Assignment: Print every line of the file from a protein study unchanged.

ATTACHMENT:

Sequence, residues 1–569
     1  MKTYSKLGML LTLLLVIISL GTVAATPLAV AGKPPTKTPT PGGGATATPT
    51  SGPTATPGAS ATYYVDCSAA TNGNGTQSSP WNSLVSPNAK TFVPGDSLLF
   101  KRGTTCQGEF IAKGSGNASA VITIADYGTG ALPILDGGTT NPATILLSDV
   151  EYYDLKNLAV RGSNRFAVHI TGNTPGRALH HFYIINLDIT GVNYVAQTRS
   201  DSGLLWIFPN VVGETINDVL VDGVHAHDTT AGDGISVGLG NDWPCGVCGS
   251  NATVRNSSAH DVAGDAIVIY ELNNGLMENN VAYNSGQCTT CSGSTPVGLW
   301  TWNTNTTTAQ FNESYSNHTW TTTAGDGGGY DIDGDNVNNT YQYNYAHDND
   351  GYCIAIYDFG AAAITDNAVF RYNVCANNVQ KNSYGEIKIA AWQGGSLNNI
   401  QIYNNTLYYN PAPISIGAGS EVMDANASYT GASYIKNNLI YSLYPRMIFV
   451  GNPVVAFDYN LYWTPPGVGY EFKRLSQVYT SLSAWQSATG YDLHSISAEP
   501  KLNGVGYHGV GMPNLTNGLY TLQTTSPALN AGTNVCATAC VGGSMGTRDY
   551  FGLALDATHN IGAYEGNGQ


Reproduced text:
Sequence, residues 1–569
     1  MKTYSKLGML LTLLLVIISL GTVAATPLAV AGKPPTKTPT PGGGATATPT
    51  SGPTATPGAS ATYYVDCSAA TNGNGTQSSP WNSLVSPNAK TFVPGDSLLF
   101  KRGTTCQGEF IAKGSGNASA VITIADYGTG ALPILDGGTT NPATILLSDV
   151  EYYDLKNLAV RGSNRFAVHI TGNTPGRALH HFYIINLDIT GVNYVAQTRS
   201  DSGLLWIFPN VVGETINDVL VDGVHAHDTT AGDGISVGLG NDWPCGVCGS
   251  NATVRNSSAH DVAGDAIVIY ELNNGLMENN VAYNSGQCTT CSGSTPVGLW
   301  TWNTNTTTAQ FNESYSNHTW TTTAGDGGGY DIDGDNVNNT YQYNYAHDND
   351  GYCIAIYDFG AAAITDNAVF RYNVCANNVQ KNSYGEIKIA AWQGGSLNNI
   401  QIYNNTLYYN PAPISIGAGS EVMDANASYT GASYIKNNLI YSLYPRMIFV
   451  GNPVVAFDYN LYWTPPGVGY EFKRLSQVYT SLSAWQSATG YDLHSISAEP
   501  KLNGVGYHGV GMPNLTNGLY TLQTTSPALN AGTNVCATAC VGGSMGTRDY
   551  FGLALDATHN IGAYEGNGQ